tabLayout.setOnTabSelectedListener(new TabLayout.OnTabSelectedListener() {
 public void onTabSelected(TabLayout.Tab tab) {

  switch (tab.getPosition()) {
   case 0:
   case 1:
   case 2:

 public void onTabUnselected(TabLayout.Tab tab) {}

 public void onTabReselected(TabLayout.Tab tab) {}

Note viewPager.setCurrentItem(tab.getPosition()) handles changing the Fragment based on Tab click.

Yes, all it takes is to use setOnTabSelectedListener with TabLayout.OnTabSelectedListener().

Just for demonstration, I’ll show a simple Toast when you tap a Tab item. This works not only when tapping, but also when swiping left or right! In essence, a Toast pops each time the Fragment loads into view.

v23.0.0 Tab Listener Fix:

With the release of Android Marshmallow, libraries got updated to 23.0.0 including the Design Support Library. This update somehow broke the tab listener in a viewpager + tab combination. So if click listener for the tabs stops working for you, here is a suggested workaround for it, suggested by Chris Banes himself.

Material Design Tabs in Action

Let’s take a breath and break down what we’ve accomplished so far:

  1. Created our main TabLayout
  1. Initialized a ViewPager and attached an Adapter (ViewPagerAdapter) to it
  1. Attached the ViewPager to our Tabs
  2. Created the Fragment content to supply our ViewPager with

Finally with all that code behind us, lets run our app and see how it looks like.

That’s it! We’ve got some great looking Material Design Tabs (without a third party library). Created the needed adapter and even got those snazzy on scroll animations for our Toolbar.

Note the Tab underline highlight takes colorAccent by default. Also, did you just notice we got those animations to work just by defining it in XML? No Java. Cheers!

Thats what Android Design Support library allows us to do. Making the easy stuff easier.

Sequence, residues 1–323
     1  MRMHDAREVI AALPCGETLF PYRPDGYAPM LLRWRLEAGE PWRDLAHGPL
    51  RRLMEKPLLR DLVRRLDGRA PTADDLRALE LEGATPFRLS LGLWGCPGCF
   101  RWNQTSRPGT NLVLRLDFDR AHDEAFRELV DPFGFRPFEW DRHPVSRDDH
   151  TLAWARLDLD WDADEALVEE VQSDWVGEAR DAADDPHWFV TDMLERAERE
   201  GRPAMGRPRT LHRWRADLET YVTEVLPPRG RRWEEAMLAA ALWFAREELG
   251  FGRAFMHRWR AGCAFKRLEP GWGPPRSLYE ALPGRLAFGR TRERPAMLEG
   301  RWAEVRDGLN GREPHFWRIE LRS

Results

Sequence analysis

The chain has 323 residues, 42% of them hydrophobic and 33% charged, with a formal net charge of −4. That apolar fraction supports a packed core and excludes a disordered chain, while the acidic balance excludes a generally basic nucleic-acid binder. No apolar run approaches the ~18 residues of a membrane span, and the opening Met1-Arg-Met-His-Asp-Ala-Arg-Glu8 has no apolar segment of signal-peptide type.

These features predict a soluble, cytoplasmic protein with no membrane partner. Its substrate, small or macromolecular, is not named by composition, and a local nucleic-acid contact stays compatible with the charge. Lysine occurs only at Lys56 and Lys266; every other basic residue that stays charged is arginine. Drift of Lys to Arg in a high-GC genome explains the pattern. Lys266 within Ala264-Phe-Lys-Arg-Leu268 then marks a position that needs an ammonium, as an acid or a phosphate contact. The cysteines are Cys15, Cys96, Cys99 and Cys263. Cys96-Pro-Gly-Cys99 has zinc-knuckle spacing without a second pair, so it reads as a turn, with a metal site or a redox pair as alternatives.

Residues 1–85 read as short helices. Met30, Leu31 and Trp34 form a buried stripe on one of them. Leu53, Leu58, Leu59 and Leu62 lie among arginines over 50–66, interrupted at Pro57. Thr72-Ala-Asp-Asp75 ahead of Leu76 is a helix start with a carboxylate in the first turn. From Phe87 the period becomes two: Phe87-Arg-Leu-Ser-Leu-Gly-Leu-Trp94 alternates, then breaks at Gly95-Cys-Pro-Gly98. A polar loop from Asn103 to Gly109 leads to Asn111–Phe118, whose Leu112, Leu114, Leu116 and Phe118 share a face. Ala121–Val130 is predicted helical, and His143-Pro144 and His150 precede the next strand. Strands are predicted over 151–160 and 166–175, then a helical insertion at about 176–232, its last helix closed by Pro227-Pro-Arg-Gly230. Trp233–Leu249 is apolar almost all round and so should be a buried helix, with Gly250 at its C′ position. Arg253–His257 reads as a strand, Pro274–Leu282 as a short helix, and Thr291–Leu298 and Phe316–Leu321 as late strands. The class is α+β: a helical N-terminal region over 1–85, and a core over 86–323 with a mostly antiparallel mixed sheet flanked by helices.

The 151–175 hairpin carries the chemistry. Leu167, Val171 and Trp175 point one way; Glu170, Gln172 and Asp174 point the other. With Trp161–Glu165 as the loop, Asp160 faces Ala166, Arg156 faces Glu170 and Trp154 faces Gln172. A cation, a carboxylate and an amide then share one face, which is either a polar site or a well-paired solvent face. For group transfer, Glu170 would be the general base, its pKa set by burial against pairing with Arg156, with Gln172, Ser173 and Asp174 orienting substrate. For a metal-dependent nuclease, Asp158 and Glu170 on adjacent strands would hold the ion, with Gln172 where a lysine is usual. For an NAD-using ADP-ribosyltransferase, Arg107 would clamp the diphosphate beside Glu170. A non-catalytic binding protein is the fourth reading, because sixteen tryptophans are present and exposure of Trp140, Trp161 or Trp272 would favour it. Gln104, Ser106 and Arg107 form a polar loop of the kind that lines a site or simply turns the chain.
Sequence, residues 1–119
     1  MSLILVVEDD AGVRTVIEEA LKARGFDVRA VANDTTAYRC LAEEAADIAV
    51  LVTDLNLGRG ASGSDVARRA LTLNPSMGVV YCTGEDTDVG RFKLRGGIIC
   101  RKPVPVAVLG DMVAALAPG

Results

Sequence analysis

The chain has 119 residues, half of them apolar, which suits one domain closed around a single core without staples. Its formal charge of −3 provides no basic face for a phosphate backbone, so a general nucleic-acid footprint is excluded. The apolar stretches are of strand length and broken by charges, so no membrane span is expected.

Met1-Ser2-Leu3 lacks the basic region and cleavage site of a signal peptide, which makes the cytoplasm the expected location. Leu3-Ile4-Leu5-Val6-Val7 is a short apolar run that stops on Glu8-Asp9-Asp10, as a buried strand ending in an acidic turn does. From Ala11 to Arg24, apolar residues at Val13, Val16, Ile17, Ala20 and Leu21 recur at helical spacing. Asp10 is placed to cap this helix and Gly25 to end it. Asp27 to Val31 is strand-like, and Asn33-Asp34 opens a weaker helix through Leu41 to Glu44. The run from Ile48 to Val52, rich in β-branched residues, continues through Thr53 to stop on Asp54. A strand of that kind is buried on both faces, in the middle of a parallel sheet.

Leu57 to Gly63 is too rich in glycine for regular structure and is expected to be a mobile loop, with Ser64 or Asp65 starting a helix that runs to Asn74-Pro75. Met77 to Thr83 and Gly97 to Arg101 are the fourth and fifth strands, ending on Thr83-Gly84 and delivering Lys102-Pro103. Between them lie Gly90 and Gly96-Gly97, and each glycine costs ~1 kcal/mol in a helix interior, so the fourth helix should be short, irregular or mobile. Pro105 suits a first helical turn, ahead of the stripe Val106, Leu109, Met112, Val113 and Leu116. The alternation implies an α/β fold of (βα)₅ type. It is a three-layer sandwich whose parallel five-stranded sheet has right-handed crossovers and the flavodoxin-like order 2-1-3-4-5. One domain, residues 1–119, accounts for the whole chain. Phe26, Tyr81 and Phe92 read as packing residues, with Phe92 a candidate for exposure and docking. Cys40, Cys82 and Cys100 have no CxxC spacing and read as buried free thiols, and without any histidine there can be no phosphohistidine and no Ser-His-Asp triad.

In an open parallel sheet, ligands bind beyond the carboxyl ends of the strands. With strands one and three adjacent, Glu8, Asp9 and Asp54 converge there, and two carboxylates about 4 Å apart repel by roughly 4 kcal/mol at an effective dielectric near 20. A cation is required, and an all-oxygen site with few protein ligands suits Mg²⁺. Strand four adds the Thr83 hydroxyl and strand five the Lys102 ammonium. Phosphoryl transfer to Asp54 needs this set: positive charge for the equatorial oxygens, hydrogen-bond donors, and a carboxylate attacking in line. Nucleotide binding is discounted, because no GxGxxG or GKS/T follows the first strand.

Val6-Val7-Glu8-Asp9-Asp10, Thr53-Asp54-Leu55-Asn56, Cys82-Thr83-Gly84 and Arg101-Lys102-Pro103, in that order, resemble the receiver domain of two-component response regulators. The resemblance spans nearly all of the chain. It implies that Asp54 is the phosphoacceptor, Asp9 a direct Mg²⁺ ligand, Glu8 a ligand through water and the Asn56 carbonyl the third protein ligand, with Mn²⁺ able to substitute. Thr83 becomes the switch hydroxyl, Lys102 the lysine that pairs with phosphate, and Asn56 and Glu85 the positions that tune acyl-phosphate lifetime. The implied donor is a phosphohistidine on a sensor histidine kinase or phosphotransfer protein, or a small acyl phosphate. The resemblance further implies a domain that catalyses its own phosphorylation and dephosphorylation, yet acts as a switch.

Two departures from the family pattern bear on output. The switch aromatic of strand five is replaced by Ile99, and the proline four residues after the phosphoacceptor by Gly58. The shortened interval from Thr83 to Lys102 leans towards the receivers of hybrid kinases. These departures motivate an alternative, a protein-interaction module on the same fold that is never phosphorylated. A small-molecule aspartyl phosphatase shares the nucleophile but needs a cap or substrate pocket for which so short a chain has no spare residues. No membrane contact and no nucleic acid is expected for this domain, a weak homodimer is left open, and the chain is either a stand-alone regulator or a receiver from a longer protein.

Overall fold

How are you using TabLayout in your apps? Have anything else to add? Let me know in the comments.


Product Designer who occasionally writes code.

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124 Responses

  1. Jalal Atsakzai says:


    Though I used a different approached on the tabs and fragments, I was wondering how i could set the list items more rounder corners like yours.

    • Suleiman19 says:

      Hi Jalal,
      The list items are simply using CardView 🙂
      Use the “card_view:cardCornerRadius” attribute in its XML and you’re good to go. Alternatively, you can check the code sample (end of post) for reference.

  2. Antonis Freris says:

    Hello, Thanks for the great tutorial. So i build this App that gets “text” from my uni and i parse it.
    Each semester has different Lesson names,grades ,etc, can i achieve it with this tutorial?
    I get stuck at DummyFragment that displays in every tab the same Lessons
    Any ideas on how to get fragment/adapter to show different lessons for each semester?
    Thanks in advance!

    • Suleiman19 says:

      Use the fragment’s setArguments() method to pass different “text” to each Fragment. Then based on that you can load your lessons accordingly.
      Hope that answered your question Antonis, and I’m glad the tutorial helped you.

  3. Acea Alex says:

    Hey, I made a TabLayout like this one with 2 tabs containing fragments with recyclerviews. Thing is my recyclerview items contain checkboxes. In each fragment I have a method that knows which items are selected.
    I want to have a button in the Parent Activity and call the fragment methods from it. Thing is when I do that it always returns null. Can you help me with that? Thanks a lot!